The 3 Main Factors that Determine Strength

The 3 Main Factors that Determine Strength

Innervation, Cross-Sectional Area, and Leverage


Without your nervous system, you couldn't lift a blade of grass. To be strong, you need to have an efficient nervous system that innervates a large quantity of your muscle mass. Motor nerves end in the muscle at synaptic junctions called motor end plates. From there, multiple parallel muscle fibres are innervated by the dendrites of the neurons or nerve cells. The more efficient your nerve supply, the stronger you are. Think of a power lifter or an Olympic lifter. They are incredibly strong for the amount of muscle mass they have, compared to a bodybuilder. This is because they lift very heavy weights for low reps in a high number of sets. Lifting very heavy means you have to recruit more muscle fibres than if you lift a lower weight. As a result your nervous system becomes accustomed to recruiting all your muscle fibres in order to provide the necessary strength.

Cross-sectional area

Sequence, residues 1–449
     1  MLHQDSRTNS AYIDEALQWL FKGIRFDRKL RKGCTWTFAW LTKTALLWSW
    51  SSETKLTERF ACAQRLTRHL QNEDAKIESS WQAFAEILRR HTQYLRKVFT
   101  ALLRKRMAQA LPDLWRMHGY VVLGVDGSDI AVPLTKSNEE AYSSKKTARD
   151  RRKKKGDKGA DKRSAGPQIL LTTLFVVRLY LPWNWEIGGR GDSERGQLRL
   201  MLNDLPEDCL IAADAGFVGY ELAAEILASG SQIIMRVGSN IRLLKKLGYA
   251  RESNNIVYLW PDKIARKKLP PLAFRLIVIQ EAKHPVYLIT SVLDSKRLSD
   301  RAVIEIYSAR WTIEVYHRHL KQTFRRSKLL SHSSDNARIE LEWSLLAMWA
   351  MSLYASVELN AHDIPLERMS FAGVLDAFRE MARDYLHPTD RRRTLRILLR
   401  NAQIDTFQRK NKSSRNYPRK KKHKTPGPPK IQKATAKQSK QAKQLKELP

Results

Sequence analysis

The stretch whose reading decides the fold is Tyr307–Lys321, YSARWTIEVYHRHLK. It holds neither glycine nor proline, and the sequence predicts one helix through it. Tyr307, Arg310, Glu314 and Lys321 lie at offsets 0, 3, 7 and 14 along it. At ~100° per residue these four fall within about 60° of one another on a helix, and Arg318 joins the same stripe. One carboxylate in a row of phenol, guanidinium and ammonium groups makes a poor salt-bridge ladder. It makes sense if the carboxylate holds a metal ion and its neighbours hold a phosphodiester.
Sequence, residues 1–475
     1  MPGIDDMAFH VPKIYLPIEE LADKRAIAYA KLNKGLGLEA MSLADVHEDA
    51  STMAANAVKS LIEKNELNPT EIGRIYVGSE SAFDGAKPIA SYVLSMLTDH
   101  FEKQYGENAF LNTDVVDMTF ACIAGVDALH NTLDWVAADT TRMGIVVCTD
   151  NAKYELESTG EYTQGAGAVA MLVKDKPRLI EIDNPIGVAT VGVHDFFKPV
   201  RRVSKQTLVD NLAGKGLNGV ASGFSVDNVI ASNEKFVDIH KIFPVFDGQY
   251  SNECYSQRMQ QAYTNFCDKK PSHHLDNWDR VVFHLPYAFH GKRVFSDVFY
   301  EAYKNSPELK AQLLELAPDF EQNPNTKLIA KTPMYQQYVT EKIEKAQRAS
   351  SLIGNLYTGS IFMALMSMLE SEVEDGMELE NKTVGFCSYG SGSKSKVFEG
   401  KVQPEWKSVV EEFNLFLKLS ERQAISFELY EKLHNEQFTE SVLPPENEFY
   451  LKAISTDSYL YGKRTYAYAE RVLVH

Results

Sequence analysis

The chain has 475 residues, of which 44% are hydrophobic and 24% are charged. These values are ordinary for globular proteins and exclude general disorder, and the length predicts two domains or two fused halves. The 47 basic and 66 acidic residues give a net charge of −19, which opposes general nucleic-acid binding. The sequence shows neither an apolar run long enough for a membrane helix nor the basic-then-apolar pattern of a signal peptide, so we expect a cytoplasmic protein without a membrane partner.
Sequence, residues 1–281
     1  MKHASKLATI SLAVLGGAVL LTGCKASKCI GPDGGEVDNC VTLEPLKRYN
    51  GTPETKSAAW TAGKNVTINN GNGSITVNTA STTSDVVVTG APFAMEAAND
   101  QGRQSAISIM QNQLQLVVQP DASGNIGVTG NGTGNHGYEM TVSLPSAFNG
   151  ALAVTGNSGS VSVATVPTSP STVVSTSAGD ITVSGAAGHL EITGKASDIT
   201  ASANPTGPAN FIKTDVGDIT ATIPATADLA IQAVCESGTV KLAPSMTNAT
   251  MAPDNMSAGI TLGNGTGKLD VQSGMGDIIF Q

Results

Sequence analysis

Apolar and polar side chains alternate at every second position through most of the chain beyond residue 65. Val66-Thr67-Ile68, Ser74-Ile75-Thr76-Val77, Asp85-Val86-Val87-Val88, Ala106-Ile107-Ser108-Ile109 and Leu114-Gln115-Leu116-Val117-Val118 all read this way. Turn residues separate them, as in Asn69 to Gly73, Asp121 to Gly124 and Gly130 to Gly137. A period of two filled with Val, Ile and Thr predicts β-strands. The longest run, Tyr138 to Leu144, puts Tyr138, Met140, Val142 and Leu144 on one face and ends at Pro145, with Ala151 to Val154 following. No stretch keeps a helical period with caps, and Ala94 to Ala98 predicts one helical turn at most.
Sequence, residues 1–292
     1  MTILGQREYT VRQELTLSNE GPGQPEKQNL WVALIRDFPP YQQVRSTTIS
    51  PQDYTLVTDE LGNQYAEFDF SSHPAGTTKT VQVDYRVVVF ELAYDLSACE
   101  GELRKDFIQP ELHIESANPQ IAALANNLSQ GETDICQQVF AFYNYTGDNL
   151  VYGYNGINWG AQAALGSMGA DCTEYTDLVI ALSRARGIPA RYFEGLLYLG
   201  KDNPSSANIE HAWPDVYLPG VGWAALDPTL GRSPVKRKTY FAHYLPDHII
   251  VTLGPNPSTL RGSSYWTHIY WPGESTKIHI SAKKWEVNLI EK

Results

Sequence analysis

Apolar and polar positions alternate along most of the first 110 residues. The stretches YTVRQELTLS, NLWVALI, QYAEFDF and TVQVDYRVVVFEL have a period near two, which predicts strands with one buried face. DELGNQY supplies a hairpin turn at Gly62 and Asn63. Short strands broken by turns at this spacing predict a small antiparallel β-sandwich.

The main component of strength is muscle mass, or to be more precise, the cross-sectional area of that mass. It is not the length of your muscles that affects your strength, it is how massive they are in cross-section. This is because the greater the cs-area, the greater the number of myofibrils contracting for you to lift a weight.

All skeletal muscle exerts the same force if it is recruited by the nervous system, so how strong you are will mostly depend on how much muscle you have, obviously so. By increasing the number of sarcomeres in the myofibrils found in muscle fibres, you increase the contractile strength of your muscles.


Someone with long arms, and therefore long levers is technically at a disadvantage if their bone structure does not match. A person with long thin arms will not have the necessary connective tissue and musculature to overcome the poor leverages associated with their bones. Consider two bodybuilders that are identical, only one is six inches taller and all their levers are longer. They may have the same muscle mass, but the one with the shorter levers will be stronger because the weight they are moving through a range of motion is closer to their body and leverage is more efficient. If the person with the longer levers happened to have thicker bones, more muscle mass and more connective tissue, they will be stronger despite their mechanical disadvantage because they are a bigger person and will be proportionally stronger.